on a frieze review of ‘the country of the blind…’ with CAMP at folkestone triennial 2011

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2011 Folkestone Triennial

VARIOUS VENUES, FOLKESTONE, UK

Scroll down for review…

[NB Collaborations are a particular, demanding and beautiful form of work which I seem to have developed a taste for, at least in a visual art context and since 1997!

2011 was a year of varying forms of artful collaboration, each very special but none quite so intimate as this one for me; how it came about, whom it involves and the result of our efforts. To avoid the obvious-but-hideous potential problems of collaboration, a certain more or less unspoken [else endlessly detailed!] but deeply-shared approach to all-things essential is elemental. Continue reading “on a frieze review of ‘the country of the blind…’ with CAMP at folkestone triennial 2011”

on odes to mud, utopian dust and insurrectionary trees

Francis Ponge [still from French documentary]

Primarily, this is a brief advertisement for CB Editions‘s irresistible bi-lingual edition of the great Francis Ponge; Unfinished Ode to Mud, translated by Beverley Bie Brahic in 2008. It’s a selection from what she has translated as The Defence of Things and Pieces, some of the latter being their first appearances in English…

So, firstly, please get hold of a copy of the book from the publishing miracle that is CB Editions whom, it’s worth knowing, work on very short print runs. I have no links etc., but urge you to take up their current offer here, while getting hold of this beautiful selection and give copies to people that you wish loved you…

‘Unfinished Ode to Mud’ itself, is also an ode to the Resistance Continue reading “on odes to mud, utopian dust and insurrectionary trees”

on the country of the blind and other stories, first art critical response

In the Country of the Blind and Other Stories Installation NCI Folkestone [Ph. Guy Mannes-Abbott]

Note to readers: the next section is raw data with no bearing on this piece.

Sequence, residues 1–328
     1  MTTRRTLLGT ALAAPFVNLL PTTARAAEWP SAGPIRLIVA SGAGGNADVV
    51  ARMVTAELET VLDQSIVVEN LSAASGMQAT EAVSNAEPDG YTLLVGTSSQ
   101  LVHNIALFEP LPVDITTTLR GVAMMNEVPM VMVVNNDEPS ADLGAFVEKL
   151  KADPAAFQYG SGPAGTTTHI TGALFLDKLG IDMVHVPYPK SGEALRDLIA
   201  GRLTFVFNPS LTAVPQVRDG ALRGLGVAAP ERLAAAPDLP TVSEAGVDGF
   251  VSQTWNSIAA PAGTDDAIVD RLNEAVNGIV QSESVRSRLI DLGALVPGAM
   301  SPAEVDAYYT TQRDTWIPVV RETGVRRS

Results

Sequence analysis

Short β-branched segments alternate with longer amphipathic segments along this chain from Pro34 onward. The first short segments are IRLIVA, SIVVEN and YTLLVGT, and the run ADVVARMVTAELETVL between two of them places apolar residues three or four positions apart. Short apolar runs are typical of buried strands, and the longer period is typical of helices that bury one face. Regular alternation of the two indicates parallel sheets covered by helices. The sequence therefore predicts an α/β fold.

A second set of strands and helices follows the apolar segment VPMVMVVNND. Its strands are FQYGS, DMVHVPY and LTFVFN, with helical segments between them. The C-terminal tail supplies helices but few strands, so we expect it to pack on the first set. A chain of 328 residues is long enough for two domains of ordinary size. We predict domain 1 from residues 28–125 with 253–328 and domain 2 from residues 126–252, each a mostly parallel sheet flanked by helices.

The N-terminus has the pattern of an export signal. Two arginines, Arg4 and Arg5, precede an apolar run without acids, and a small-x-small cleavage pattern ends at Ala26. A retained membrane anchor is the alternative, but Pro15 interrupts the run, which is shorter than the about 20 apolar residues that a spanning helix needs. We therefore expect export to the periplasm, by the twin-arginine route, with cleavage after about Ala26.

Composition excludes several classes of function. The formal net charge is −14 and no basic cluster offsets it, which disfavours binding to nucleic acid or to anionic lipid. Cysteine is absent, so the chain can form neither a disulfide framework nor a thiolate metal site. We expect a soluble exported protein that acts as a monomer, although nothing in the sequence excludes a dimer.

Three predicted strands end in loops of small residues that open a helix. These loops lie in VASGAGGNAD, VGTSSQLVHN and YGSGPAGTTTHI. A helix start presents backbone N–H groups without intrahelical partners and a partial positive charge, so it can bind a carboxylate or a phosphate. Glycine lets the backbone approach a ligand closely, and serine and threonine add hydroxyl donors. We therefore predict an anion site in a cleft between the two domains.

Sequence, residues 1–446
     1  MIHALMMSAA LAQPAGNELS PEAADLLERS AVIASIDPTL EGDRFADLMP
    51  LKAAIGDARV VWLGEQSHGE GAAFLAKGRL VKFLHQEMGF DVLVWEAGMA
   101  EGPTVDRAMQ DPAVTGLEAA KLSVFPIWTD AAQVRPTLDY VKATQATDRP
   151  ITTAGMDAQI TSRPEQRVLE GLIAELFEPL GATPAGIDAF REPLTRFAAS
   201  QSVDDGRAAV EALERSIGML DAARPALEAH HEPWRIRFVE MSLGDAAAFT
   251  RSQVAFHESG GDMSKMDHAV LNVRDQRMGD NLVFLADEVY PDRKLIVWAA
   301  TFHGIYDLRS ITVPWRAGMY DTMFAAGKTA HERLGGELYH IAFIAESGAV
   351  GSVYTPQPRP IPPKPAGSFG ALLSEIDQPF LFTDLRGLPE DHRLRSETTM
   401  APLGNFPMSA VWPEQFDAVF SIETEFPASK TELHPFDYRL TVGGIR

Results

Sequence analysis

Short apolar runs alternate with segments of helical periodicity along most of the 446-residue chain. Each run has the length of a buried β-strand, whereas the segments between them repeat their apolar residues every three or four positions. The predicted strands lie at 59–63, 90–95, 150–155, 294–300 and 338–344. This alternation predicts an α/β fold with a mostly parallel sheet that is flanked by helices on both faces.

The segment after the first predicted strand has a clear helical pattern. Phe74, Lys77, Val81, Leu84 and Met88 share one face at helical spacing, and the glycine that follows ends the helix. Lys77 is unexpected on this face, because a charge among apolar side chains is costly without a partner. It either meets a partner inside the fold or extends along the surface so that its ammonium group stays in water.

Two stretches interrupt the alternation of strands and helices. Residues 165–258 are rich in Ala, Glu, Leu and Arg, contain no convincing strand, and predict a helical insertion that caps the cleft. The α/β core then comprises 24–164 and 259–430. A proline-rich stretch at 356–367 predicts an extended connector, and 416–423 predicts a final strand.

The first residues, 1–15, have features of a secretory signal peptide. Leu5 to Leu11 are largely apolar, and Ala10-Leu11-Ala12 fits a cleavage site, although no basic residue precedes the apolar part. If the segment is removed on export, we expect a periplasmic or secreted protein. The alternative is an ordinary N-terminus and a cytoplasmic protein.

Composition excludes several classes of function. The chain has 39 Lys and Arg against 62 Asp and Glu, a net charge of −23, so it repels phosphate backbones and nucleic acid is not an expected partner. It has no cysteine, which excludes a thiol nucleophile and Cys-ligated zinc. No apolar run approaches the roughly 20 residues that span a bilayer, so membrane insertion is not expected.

Adrian Searle’s review in The Guardian is so generous about the film I’ve been working on with Shaina, Ashok and Iyesha [CAMP] that I can’t help but post it.

“In the National Coastwatch Institution cabin, perched on a cliff above Folkestone, the volunteer guards scan the sea. Mumbai-based collective CAMP recorded the view, the constant traffic plying the Channel, and the volunteers’ casual commentary The result is an almost hour-long film recorded over a year. French church spires break the horizon, seen through a telescope. We follow tankers and canoes, ferries and fishing boats – and there’s the archbishop of Canterbury, helping out at an archeological dig along the coast, his hair a white, fluffy windsock in the distance. The artists in Mumbai recorded the observations and anecdotes of the volunteers via broadband. It’s a case of the watchers watched, and we watch too, following near-collisions out at sea, and blokes hauling up lobster pots. “Lobsters are giant Jurassic insects,” someone says. I’d happily stay all day.”

Read the piece here.

AS’s warm words had a warm affect, though I would only point out that it’s not a documentary and say no more -other than that Fruit Store loyalists and Dostoyevskians shouldn’t need me to!

Read the letter from the man, jocularly referred to as the ‘archbish’ on the soundtrack, here! And beware similar assumptions!

Probably should resist saying that I agree with him about the ill-judged mermaid too… I was too involved to see very much else other than Zineb Sedira’s very beautiful and complex film installation Lighthouse in the Sea of Time. I’ll post on what I think might well be her best work so far in time and definitely take the 57 minute train back for more of the Triennial and more of Folkestone itself too…